In some cases, officials have high hopes.
"We think we stand to gain another 30,000 to 50,000 jobs," said Marcie Wallis, executive director of the West Anne Arundel County Chamber of Commerce, close to Fort Meade, which she estimated generates $1 million in civilian payroll each year.
"It's almost like we haven't had to do much," Wallis said.
Fort Detrick, shown in 2001, is home to the U.S. Army Medical Research Institute of Infectious Diseases and is Frederick's largest employer.
(Bill O'leary -- The Washington Post)
But a large part of the BRAC process is secretive, and there is a lot of guessing. Norm Risavi, county administrator in Westmoreland County, isn't sure size will protect Dahlgren's Navy Surface Warfare Center.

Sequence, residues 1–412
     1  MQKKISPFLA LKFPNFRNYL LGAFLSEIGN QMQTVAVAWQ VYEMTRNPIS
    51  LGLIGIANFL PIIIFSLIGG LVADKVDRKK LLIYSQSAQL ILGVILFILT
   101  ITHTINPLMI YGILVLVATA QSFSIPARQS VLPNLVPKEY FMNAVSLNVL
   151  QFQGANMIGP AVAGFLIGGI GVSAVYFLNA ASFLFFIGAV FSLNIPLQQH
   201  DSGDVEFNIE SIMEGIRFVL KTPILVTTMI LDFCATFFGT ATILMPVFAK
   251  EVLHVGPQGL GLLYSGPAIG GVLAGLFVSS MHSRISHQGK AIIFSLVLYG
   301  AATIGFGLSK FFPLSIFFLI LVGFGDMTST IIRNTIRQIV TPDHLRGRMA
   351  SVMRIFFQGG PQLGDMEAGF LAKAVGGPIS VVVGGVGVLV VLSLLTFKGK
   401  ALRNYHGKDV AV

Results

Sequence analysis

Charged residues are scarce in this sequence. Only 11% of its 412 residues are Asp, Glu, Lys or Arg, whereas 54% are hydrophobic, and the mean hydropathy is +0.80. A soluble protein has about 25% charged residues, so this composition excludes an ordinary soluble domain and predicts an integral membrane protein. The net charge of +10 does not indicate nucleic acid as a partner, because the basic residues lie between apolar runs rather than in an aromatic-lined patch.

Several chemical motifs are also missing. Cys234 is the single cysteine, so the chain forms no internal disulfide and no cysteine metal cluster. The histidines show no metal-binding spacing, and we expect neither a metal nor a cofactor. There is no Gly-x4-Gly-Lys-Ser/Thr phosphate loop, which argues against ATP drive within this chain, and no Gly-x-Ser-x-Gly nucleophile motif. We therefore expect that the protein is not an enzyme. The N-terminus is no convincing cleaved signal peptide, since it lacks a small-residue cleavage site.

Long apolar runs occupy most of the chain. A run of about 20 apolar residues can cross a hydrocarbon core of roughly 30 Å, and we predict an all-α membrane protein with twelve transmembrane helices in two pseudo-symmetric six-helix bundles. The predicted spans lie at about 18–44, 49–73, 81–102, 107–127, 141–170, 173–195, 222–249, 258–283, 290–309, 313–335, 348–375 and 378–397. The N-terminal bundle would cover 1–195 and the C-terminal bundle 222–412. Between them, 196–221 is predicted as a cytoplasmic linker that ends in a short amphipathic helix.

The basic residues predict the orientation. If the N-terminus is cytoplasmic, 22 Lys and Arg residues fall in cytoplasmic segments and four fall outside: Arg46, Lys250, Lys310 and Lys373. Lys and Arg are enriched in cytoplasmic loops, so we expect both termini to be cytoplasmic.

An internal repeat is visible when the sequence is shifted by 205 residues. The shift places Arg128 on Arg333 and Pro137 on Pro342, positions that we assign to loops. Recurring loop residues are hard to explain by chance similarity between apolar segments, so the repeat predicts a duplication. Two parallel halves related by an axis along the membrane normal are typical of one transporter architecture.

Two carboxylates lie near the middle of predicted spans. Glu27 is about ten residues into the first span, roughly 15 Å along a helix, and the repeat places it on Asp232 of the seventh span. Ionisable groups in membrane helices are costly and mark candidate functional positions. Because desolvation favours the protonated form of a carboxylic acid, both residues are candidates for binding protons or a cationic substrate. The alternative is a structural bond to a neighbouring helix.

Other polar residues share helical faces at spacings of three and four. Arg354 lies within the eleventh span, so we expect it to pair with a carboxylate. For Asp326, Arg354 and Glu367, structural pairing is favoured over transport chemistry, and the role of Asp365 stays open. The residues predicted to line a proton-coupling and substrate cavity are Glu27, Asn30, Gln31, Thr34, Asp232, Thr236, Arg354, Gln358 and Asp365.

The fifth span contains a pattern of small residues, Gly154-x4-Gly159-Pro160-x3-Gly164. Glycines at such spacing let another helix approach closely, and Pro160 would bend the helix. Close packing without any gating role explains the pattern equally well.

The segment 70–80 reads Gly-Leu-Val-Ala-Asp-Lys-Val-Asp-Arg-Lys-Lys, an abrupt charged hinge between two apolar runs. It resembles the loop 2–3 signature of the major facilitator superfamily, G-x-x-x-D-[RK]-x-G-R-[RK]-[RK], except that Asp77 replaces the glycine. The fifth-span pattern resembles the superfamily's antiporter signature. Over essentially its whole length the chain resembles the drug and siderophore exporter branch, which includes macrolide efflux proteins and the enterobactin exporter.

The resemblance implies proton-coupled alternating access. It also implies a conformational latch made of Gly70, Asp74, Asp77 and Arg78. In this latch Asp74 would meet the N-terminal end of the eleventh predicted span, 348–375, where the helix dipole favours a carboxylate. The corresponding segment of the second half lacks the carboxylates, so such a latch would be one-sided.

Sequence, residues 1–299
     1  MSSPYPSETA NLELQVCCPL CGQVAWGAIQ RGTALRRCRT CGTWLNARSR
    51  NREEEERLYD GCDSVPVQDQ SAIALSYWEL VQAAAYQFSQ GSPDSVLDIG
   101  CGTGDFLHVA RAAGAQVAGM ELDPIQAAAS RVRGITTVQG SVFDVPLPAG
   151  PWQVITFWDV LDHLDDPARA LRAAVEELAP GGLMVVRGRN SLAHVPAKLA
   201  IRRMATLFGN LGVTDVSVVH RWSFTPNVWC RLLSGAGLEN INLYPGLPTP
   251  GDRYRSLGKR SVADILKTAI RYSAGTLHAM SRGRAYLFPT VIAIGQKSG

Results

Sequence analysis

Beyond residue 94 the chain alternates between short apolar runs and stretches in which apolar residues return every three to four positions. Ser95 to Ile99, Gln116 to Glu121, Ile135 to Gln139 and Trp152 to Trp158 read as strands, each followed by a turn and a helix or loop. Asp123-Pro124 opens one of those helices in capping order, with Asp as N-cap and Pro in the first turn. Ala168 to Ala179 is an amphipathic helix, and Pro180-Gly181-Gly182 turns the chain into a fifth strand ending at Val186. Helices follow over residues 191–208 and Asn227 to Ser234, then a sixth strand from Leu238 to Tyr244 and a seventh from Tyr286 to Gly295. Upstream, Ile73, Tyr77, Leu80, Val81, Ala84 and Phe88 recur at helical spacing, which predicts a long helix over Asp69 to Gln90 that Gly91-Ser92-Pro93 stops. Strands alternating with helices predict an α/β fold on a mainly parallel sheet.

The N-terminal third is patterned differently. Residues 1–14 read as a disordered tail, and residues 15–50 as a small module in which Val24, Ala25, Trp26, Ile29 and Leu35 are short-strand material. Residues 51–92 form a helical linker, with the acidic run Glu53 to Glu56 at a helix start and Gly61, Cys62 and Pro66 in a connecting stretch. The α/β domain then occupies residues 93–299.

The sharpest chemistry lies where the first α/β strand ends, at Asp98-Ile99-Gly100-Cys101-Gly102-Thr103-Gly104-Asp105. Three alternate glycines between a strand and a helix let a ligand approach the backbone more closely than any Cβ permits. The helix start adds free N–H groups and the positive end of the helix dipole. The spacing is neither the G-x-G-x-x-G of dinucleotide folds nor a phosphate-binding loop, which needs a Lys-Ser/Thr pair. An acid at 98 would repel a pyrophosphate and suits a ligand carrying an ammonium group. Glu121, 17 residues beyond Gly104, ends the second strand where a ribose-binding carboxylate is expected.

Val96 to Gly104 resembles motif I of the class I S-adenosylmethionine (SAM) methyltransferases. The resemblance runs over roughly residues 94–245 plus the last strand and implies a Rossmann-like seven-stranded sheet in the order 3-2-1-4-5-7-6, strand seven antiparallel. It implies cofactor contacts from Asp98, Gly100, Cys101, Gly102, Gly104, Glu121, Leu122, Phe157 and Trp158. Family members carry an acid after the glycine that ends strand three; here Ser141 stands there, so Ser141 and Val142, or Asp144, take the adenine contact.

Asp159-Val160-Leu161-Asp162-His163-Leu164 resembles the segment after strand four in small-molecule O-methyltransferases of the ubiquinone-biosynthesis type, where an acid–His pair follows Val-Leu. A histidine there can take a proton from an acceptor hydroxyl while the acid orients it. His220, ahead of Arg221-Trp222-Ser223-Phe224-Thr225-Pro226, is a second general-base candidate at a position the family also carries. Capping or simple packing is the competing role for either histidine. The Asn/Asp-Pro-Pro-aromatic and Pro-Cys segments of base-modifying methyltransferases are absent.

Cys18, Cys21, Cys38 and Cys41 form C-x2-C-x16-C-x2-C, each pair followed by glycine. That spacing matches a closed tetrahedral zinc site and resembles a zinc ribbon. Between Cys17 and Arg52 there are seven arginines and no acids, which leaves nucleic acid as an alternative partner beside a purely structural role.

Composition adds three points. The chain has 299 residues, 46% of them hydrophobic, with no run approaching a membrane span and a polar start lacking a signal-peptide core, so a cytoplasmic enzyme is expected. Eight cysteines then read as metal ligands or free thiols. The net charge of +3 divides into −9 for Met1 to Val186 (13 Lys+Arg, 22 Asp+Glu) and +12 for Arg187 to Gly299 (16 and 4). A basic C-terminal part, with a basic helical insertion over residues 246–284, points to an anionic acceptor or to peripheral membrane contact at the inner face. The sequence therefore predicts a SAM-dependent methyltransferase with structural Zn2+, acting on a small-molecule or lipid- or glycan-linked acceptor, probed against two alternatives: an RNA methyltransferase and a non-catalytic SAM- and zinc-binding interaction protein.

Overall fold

"If you have the most people, I guess the assumption, the forgone conclusion, is that you will receive a hit in this round of closures. Whether that's true of not, I don't know," he said.
"We, along with everyone else, are on the outside looking in. It's difficult to know or understand what the ultimate recommendations are that will come out," said David Dickson, executive director of Virginia's commission on bases, which received a visit at yesterday's meeting from Gov. Mark R. Warner (D).
Warner ceremoniously signed three bills aimed at helping prevent base closures and was applauded by 25 men and women in uniform as cameras snapped.
"We believe Virginia is the cornerstone of the U.S. military," Warner said.